Startups like Klout may have a hard time convincing brands they can prove how influential social media followers are. But dozens of studies
aim to figure out why consumers are mentioning, following, or
friending brands via social media.
The latest is from Empathica, which surveyed over 15,000 Americans and Canadians, to deliver its take on who's following brands and why.
For content publishers to be successful, it's clear they must learn to monetize their content - not just create it. Nowhere is that more evident than with traditional magazine brands like Time, Inc. For them, the key to success seems to be thinking and acting more like ad agencies than publishers.
And if they can't think like an agency on their own, they'll acquire one instead.
Google’s Android has already overtaken Apple’s iOS in terms of
smartphone marketshare, and the onslaught shows no sign of stopping. The
company launched Gingerbread, the latest version of its mobile
operating system (OS) today, along with a new co-branded phone: the
The launch strategy behind Gingerbread and the Nexus S reveals how thinking about mobile devices (and how to sell them) is evolving at the Googleplex.
Zenith Optimedia’s latest ad spend forecast delivers some stats most
marketers are well aware of: Online ad spending is growing, while newspaper
and magazine budgets keep shrinking. But there are definitely some interesting tidbits.
For example, increased spending on social media and online video are
fueling growth in display. New tech advancements like HD and PVR
are making TV even more attractive to advertisers.
Marketers and publishers are excited about the tablet boom. But there are signs that tracking audiences (and ads) across all these mobile devices will be more difficult than initially thought.
There's already concern about the accuracy of online traffic stats from companies like Nielsen and comScore. How can advertisers and publishers trust that their audiences will be measured appropriately on an iPad, Samsung Galaxy Tab or other mobile device?
Are PR firms better at developing great social media strategies than digital or traditional creative agencies? Ask a brand with a social media “crisis” on its hands – and the answer may be yes.
At global PR agency Edelman, there’s a focus on evolving “social crisis management” into a unique expertise as well as a thought process infusing clients’ overall strategies. Monte Lutz, the firm’s SVP of digital, chatted with us about how and why that’s happening.
Google gobbled up Admob and Apple ate Quattro, and now there are only a
few independent mobile ad networks with any measure of technology or scale. Jumptap is one of them, though the company previously received investment from ad industry behemoth WPP.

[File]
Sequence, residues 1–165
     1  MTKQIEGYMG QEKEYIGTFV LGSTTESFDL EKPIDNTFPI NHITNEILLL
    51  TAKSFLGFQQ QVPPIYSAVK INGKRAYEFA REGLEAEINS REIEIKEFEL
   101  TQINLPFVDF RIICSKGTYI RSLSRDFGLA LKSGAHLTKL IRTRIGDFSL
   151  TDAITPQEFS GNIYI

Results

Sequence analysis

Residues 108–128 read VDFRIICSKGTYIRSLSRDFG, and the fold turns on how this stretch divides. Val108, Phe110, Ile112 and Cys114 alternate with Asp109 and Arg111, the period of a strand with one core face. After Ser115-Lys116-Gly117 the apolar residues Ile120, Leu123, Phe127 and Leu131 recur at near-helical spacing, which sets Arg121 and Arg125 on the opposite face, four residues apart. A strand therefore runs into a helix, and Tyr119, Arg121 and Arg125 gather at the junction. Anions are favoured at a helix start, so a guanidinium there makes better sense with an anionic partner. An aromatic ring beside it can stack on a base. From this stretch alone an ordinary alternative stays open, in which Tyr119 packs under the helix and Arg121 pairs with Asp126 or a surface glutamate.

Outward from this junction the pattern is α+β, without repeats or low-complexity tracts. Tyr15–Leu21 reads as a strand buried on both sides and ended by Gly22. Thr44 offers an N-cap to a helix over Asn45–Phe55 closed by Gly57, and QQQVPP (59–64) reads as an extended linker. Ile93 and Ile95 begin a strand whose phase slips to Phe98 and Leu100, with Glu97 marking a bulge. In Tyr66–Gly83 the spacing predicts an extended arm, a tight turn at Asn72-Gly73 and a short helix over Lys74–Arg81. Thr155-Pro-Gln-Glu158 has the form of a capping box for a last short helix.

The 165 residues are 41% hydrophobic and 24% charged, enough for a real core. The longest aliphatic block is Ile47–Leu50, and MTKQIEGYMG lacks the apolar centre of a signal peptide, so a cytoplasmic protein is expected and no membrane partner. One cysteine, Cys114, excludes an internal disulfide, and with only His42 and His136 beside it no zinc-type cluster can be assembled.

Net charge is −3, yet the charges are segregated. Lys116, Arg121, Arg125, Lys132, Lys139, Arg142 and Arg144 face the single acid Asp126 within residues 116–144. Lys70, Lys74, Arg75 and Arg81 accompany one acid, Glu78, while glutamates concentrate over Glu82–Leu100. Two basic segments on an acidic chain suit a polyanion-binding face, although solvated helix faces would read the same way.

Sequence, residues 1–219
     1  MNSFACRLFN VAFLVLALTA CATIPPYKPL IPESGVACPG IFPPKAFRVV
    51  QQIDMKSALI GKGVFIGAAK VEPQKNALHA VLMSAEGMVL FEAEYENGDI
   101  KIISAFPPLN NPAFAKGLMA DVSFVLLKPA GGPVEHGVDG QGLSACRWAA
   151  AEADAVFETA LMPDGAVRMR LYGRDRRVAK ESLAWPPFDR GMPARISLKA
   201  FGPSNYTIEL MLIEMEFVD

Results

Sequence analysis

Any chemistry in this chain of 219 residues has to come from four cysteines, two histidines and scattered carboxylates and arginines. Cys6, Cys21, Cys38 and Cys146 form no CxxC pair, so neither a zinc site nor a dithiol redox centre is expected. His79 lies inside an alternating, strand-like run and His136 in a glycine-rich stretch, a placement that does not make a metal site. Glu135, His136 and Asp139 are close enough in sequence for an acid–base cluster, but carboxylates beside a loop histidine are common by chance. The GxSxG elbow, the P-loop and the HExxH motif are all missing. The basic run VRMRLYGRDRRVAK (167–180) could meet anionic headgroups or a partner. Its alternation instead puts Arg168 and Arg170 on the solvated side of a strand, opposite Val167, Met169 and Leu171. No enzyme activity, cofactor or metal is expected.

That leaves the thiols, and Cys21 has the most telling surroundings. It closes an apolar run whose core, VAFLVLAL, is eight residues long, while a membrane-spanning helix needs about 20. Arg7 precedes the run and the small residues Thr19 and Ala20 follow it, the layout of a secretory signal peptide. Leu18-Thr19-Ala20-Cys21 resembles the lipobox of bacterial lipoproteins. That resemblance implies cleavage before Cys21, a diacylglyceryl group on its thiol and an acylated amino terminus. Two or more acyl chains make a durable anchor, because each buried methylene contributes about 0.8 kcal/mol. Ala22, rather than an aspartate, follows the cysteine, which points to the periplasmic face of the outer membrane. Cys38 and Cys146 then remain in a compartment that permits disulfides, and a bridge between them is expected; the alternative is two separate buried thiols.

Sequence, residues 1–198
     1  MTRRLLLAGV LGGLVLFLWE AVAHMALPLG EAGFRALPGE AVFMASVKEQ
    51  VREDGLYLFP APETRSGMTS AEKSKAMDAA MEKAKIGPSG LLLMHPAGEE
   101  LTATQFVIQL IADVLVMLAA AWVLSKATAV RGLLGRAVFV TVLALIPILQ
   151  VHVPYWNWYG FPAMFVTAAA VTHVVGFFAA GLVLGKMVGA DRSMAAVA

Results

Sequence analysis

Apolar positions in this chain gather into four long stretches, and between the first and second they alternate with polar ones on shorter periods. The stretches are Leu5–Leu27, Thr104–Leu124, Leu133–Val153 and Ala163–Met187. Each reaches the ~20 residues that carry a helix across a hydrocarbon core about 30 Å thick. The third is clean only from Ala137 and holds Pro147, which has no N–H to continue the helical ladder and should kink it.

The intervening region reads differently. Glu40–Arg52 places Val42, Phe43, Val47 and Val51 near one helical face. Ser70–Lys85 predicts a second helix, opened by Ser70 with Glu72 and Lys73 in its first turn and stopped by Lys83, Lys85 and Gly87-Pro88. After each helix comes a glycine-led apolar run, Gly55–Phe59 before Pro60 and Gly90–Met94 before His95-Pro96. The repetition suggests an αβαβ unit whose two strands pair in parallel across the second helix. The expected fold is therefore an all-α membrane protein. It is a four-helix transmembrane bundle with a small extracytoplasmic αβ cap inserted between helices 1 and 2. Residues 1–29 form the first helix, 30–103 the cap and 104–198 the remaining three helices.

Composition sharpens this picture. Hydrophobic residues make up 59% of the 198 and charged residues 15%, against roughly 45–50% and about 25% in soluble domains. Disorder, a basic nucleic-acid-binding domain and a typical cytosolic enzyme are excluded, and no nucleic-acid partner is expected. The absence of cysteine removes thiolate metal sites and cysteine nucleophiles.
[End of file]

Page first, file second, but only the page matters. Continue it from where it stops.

Now, Jumptap can count Dentsu - one of Japan's largest advertising agencies - as a backer as well. Dentsu subsidiary cci has made a strategic investment in Jumptap. So we chatted with Jorey Ramer, the company's founder and VP of corporate
development, about the deal, mobile advertising in Japan, and what we'll see in the US in 2011.
If you’re thinking about running an iPad campaign, new
stats from Universal McCann, Time, Inc. and EmSense – a neuromarketing
company – offer insights into how to make your ads both effective and enjoyable.
The research focused on iPad owners' reaction to and cognition of ads as determined by sensors that monitored their brainwaves.
The US Federal Trade Commission (FTC) has issued a comprehensive online privacy report calling on the industry to offer consumers a simple opt-out mechanism, i.e. a universal "do not track" setting on the browser. So what will the FTC think of the digital fingerprinting businesses a new crop of tech firms are trying to launch: targeting ads by tracking users' individual devices.
The promise is more accuracy and better targeting than cookies. But
will the business model creep consumers out more than cookies already do?
Ebooks have been called the cornerstone of a new literary economy, and
blamed for the slow death of so-called “tree books.” But
recent spats between publishers and Amazon over pricing, and Apple over
content control, have made the ebook market seem slightly less rosy.
Now, Google could change the game (again) with
the long-awaited launch of Google Editions, its “universal format”